A crucial but often overlooked aspect of cell biogenesis and survival is the need for precise coordination between the biosynthesis of its macromolecular constituents. In the case of bacterial cells, this means producing appropriate amounts of four classes of macromolecules : nucleic acids, proteins, lipids and the polysaccharides of the cell wall. The molecular basis of coordination is well known in some cases. In others it is still mysterious. In this project we propose to investigate how Gram-positive bacteria coordinate lipid and membrane synthesis with its other biosynthetic activities and in response to environmental conditions and the different events of the cell cycle. We plan to focus on two principal aspects: 1) the role of the enzyme PlsX in the coupling of fatty acid and phospholipids synthesis, and 2) the role of the signaling nucleotide ppGpp in the two-way coordination between lipid synthesis and cell growth. To achieve these goals we will apply modern fluorescence microscopy, microbial genetics and protein biochemistry to determine how PlsX associates with the cell membrane and how this affects its enzymatic activity and regulation. A similarly broad array of approaches will also be deployed to study how lipid starvation triggers the activation of the ppGpp synthetase RelA, and how this nucleotide helps cells stay alive in the absence of lipid synthesis Finally, we will set up assays and carry out small molecule screens for inhibitors of PlsX and RelA. Because proper control of lipid metabolism is essential for survival, the discoveries from this project should reveal potential novel targets for antibiotics. (AU)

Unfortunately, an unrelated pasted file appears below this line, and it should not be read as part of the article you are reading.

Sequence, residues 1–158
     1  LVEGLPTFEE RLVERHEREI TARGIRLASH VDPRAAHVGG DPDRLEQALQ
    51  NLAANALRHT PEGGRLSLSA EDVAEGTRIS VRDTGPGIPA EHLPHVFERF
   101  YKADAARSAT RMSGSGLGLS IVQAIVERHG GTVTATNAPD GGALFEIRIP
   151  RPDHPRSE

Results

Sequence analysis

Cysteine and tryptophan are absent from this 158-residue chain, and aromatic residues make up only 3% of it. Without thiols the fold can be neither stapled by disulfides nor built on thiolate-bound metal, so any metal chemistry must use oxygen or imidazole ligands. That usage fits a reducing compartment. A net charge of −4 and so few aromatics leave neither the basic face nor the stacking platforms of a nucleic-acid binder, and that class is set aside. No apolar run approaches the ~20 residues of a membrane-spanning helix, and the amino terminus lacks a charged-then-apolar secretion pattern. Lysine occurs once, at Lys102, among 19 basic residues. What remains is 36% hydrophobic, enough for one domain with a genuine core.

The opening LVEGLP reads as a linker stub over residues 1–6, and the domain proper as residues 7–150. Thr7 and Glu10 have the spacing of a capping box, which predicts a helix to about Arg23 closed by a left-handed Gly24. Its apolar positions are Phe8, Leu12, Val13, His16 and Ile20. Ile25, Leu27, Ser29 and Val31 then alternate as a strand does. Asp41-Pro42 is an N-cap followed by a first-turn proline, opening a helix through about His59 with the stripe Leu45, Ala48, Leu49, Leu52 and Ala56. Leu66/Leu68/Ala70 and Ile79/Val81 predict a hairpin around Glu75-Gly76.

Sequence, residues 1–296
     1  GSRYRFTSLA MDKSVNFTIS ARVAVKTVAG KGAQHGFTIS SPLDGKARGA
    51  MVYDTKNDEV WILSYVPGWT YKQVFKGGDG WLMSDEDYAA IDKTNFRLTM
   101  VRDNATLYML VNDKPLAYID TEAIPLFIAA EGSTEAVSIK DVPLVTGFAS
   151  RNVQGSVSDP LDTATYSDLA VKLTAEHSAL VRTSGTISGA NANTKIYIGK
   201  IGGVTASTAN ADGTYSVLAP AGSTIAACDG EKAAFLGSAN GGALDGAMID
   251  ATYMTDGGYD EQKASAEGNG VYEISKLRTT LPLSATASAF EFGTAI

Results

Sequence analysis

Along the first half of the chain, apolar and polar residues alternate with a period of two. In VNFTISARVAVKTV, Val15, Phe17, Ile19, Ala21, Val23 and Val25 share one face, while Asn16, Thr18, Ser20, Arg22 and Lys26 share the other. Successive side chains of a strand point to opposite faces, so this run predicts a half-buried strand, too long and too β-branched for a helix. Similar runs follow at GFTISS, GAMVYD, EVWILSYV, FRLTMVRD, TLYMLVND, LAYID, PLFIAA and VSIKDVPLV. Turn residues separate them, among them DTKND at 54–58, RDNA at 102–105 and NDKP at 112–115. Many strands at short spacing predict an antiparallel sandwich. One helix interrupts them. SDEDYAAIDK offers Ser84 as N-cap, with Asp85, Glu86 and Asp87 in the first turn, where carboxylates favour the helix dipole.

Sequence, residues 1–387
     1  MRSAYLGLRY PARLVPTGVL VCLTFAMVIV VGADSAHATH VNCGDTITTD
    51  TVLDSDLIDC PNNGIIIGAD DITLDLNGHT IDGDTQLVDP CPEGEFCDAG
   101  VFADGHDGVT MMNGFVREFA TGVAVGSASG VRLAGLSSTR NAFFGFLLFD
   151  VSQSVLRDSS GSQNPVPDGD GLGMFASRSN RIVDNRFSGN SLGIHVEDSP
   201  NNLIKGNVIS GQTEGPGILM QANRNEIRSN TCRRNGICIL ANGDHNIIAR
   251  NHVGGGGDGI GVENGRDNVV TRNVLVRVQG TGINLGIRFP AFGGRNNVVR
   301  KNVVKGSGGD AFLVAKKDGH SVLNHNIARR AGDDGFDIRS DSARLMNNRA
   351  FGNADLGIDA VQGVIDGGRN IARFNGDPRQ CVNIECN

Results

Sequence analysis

Articles published in Agência FAPESP Newsletter about the research grant:
CAUZ, ANA C. G.;
CARRETERO, GUSTAVO P. B.;
SARAIVA, GREICE K. V.;
CUCCOVIA, IOLANDA M.;
GUEIROS-FILHO, FREDERICO J.
Violacein Targets the Cytoplasmic Membrane of Bacteria.
ACS INFECTIOUS DISEASES,
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